South Yorkshire Police told to 'improve'
South Yorkshire Police hasÂ been told it 'requires improvement' in how it legitimately keeps people safe and reducesÂ crime.
South Yorkshire Police has been told it 'requires improvement' in how it legitimately keeps people safe and reduces crime.
The police watchdog, Her Majesty’s Inspectorate of Constabulary, branded the force 'good' last year, but in the latest inspection found standards had dropped.
It said the reduction in the rating was 'disappointing'.
The watchdog said a force is considered 'legitimate' if it has the 'consent of the public' and staff 'consistently behave in a way that is fair, ethical, and within the law'.
Inspectors look at how well forces treat people they serve and ensure staff act ethically and lawfully.
They also assess whether workforces are treated with fairness and respect.
This inspection also included, for the first time, an assessment of how well forces tackle the problem of abuse of authority for sexual gain by members of its workforce.
HMIC said that nationally 'this serious form of corruption betrays the trust of the public and, while we identified some examples of good practice, there remain significant areas where forces must improve'.
HM Inspector of Constabulary, Mike Cunningham, said: "South Yorkshire Police has been judged as 'requires improvement' in how legitimately it keeps people safe and reduces crime.
"This is disappointing as in 2015 we judged the force to be 'good'.
"Although treating people fairly is a stated priority for the force, recent changes in the way it operates are preventing it from both effective involvement with local communities and improving the morale of its workforce.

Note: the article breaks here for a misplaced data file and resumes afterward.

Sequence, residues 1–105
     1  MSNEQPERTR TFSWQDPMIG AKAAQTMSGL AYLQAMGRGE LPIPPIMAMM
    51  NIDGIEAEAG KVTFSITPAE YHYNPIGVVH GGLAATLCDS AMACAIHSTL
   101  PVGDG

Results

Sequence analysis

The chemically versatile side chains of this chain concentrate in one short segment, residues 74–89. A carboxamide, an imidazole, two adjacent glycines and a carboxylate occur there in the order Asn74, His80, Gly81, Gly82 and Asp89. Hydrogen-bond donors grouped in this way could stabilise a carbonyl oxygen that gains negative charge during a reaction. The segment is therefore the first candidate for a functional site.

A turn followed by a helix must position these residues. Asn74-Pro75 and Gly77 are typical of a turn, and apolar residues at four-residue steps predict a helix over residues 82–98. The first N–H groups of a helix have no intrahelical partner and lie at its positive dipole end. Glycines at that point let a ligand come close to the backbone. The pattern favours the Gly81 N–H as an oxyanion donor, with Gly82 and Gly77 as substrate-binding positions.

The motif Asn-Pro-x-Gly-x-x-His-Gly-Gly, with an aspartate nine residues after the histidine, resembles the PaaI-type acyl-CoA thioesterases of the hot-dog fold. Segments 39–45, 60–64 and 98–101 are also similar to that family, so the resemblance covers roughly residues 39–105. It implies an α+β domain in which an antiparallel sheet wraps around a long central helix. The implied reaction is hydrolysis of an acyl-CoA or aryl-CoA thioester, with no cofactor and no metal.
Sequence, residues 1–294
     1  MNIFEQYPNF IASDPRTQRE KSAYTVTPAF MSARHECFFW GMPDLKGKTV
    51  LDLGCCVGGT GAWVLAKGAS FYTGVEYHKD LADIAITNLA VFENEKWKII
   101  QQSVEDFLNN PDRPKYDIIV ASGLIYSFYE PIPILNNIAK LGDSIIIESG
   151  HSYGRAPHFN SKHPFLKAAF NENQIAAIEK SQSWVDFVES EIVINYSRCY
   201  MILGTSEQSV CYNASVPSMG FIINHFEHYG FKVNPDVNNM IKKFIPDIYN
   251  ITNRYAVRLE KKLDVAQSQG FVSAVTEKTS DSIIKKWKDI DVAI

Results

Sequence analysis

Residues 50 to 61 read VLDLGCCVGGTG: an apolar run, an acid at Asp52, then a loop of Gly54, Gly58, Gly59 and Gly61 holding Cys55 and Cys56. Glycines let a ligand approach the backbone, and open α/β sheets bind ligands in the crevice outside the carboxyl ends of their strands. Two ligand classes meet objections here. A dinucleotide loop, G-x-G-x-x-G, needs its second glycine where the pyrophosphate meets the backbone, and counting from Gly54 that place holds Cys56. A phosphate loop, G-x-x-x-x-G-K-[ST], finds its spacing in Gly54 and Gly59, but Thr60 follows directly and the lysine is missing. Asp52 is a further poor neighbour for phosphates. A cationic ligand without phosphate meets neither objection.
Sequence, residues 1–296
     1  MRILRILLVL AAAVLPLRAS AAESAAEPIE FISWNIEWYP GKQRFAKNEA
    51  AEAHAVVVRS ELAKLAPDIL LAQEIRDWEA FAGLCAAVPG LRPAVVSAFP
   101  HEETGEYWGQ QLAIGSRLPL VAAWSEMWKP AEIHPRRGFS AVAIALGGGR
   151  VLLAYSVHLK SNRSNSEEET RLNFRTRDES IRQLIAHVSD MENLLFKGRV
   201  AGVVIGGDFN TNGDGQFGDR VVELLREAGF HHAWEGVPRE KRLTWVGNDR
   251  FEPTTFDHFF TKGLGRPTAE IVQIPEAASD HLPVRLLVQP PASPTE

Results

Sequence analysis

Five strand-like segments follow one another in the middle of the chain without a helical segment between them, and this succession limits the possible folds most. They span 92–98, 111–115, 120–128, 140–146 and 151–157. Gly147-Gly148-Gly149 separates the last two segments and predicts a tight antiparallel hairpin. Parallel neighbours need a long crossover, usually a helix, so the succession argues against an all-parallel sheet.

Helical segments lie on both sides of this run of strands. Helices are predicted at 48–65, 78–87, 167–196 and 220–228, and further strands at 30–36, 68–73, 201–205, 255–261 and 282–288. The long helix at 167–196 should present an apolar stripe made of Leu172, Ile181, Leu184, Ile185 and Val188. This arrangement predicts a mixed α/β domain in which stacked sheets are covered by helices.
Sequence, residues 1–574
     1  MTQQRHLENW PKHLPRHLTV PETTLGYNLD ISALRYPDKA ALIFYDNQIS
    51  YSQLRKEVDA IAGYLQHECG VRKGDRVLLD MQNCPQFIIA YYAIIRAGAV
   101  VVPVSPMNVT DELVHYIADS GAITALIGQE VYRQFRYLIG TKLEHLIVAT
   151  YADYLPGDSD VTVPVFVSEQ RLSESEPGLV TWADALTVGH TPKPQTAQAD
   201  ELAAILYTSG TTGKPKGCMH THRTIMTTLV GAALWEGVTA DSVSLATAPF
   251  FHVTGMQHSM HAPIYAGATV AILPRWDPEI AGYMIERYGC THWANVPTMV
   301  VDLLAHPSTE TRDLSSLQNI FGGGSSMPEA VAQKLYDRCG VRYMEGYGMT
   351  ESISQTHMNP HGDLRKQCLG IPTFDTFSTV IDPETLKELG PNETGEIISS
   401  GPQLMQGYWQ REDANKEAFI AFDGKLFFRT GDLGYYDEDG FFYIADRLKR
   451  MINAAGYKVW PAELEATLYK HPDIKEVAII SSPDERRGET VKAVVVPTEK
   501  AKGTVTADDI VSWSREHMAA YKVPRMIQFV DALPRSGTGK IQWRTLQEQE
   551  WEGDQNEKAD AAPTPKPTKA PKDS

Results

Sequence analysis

"An area the force is performing well in is how it ensures its workforce behaves ethically and lawfully. The force clarifies and reinforces acceptable behaviour standards, and also has a good understanding of the risks to its integrity.
"The force also recognises police abuse of authority for sexual gain as serious corruption and has highlighted this to the workforce and public.
"The force has systems to ensure the integrity of the organisation and its workforce is not compromised by inappropriate business interests or associations.
"The force vets new recruits effectively, but needs to ensure that the whole workforce is vetted to an appropriate standard in line with national guidance. "The force also needs to improve its understanding of workforce wellbeing issues. Although it has a number of methods to achieve this, we found that these are applied infrequently and inconsistently. It has developed a new personal assessment system, which is aimed at development and wellbeing, but it is too early to say if this will be successful.
"I will monitor closely this and the other areas HMIC has identified for improvement, and expect to see progress made."